Since the first business anal(yst) came up with the TLA* ROI, marketers have tried to come up with matrix to prove their advertising work. There are statistics of Direct Mail, TVC and billboard eyeballs and views, and specific phone numbers, to measure the effectiveness of the call-to-action of the particular ad or campaign.
A bridge was built over 15 years ago, in Japan, by Toyota subsidiary Denso-Wave, which was named QR (Quick Response) code. The term and idea was trademarked and had been registered as a patent, however the inventor had made a decision not to restrict its’ use, and make it publicly available.
What are QR Codes?
A QR Code is a specific matrix barcode (or two-dimensional code), readable by dedicated QR barcode readers and camera phones. The code consists of black modules arranged in a square pattern on a white background. The information encoded can be text, URL or other data. (via Wikipedia).
This doesn’t seem to be too exciting, does it? QR codes have the ability to store more complex information than a standard barcode. So what? It has been used in the transport and logistics industry for tracking, for over 15 years. However, recently marketers have put their thinking hats on (doesn’t happen too often), and came up with ideas to not only measure ROI on certain campaigns, but also spark the attention of some early adopters (geeks), and get them to scan these funny-looking barcodes, to see what happens.
What usually happens is that the code behind the image is linked to a URL, or a website, with more information on the product or the company. Since the code is scannable by any smart phone (or camera phone), scanning the code can start a phone call, deliver a vCard, etc. Still not that exciting, is it?
Here are some examples, to show how QR Codes can be used for marketing purposes, before talking about ROI:
1. QR Codes on business cards. OK, not the most creative idea ever. In fact, this is probably the de facto way many businesses use QR codes. Rather than overload a business card with all of your contact info you could include the bare minimum for reaching you, then create a QR code that leads people to your Twitter, Facebook, LinkedIn, etc. or to your profile on the corporate website.
2. Labeling. Somewhere, a restaurant patron is enjoying wine from your vineyard. They notice the QR code on the bottle and quickly scan it. That takes them to a mobile site where they can learn more about your wine, your vineyard, and links to where you can buy a case for delivery…all before the bill comes.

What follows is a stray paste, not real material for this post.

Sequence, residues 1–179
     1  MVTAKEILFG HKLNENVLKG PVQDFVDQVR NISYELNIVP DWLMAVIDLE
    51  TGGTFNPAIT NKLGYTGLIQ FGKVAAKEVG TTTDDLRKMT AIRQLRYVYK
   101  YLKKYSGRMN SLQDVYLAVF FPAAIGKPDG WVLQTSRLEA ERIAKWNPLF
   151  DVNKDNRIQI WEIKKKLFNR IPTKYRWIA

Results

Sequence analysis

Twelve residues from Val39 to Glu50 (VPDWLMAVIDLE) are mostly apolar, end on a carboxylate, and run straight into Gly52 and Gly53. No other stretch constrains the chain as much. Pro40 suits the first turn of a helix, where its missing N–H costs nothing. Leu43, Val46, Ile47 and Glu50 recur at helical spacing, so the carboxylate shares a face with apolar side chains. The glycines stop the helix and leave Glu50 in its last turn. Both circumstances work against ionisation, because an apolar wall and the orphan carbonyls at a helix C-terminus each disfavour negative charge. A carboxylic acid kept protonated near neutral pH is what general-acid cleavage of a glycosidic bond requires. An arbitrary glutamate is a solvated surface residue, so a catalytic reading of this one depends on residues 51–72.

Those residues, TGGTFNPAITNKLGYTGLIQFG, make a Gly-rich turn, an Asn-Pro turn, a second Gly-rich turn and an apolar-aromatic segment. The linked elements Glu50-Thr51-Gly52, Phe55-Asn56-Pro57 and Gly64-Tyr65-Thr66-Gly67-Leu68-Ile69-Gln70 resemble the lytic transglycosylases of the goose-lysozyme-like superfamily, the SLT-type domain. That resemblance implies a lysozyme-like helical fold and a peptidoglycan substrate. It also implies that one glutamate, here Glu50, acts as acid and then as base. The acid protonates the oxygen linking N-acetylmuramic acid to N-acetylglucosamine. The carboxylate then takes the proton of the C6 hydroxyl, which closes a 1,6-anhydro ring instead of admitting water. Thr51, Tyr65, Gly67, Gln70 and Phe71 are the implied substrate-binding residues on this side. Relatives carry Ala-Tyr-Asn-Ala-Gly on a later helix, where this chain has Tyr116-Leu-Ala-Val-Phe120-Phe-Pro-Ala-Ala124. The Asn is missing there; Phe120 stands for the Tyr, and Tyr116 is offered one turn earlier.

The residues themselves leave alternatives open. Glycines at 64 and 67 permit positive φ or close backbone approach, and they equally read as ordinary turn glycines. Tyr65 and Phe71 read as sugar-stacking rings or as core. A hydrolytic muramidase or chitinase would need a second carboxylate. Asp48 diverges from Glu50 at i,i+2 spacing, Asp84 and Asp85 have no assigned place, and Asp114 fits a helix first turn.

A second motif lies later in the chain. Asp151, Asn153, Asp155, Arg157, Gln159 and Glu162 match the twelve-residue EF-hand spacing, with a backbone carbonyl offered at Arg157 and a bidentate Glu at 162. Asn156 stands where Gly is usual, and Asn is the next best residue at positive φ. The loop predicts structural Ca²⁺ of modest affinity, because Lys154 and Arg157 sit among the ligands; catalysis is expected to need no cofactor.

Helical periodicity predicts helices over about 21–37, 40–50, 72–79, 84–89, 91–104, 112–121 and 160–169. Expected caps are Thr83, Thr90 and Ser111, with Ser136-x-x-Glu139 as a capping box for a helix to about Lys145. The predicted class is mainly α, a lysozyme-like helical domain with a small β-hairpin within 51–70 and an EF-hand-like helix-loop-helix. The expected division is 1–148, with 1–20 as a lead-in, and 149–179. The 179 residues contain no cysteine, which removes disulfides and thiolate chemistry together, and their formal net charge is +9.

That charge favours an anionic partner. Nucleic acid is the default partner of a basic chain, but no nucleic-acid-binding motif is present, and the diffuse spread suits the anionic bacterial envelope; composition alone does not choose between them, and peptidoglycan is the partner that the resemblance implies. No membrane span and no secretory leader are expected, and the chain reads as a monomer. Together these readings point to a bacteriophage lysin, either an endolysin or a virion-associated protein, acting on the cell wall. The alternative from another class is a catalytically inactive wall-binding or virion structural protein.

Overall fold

3. Storefront displays. Few retail businesses are open 24/7. Don’t (fully) disappoint potential customers after you’ve left for the day. Create a Shop Online Now! QR code and put it in your storefront window. One quick scan and you’ve turned a potential lost sale into an online customer who’s going to share a lot more of their contact information with you.
4. Build your email subscriber list. Use your QR code to send people to your email signup. Just make sure you give people a compelling reason to subscribe to your list…otherwise you will have just wasted their time. Not the best way to engage your audience
5. On the same note, increase your Facebook likes and Twitter followers. Linking your facebook page or twitter account to a specific QR codes, you can use it in product or POS promotion, with a short message: “Scan this code to join our facebook community”, or “Scan this code to get notified of future promotions on Twitter”.
I think you get the idea. There are more creative ideas on Rich Brooks blogpost on FastCompany.
QR Codes were invented to control inventory, as they can hold over 4000 alphanumeric characters (compared with the 10 digit barcodes). Wollongong University (South of Sydney, Australia) have been using QR Codes in their library, directing student to specific content, and directories.
Google and Facebook have been experimenting with QR codes for Google’s applications, and Facebook’s geolocation application, so far it is just an experiment.
This is a short video that demonstrate how easy it is to create the QR Code, and read one:
I’ve recently added a QR code on my own business card, as my company is now including them with most of our campaigns. We have created specific strategies to measure their effectiveness, and as the awareness of QR codes in the Australian marketplace will grow, I’m sure they’ll become even more effective.
If you’ve seen a campaign, or have an idea how this can be used (or currently being used) in your business – please share! Remember – Sharing IS Caring.
*TLA – Three Letter Acronym. hehe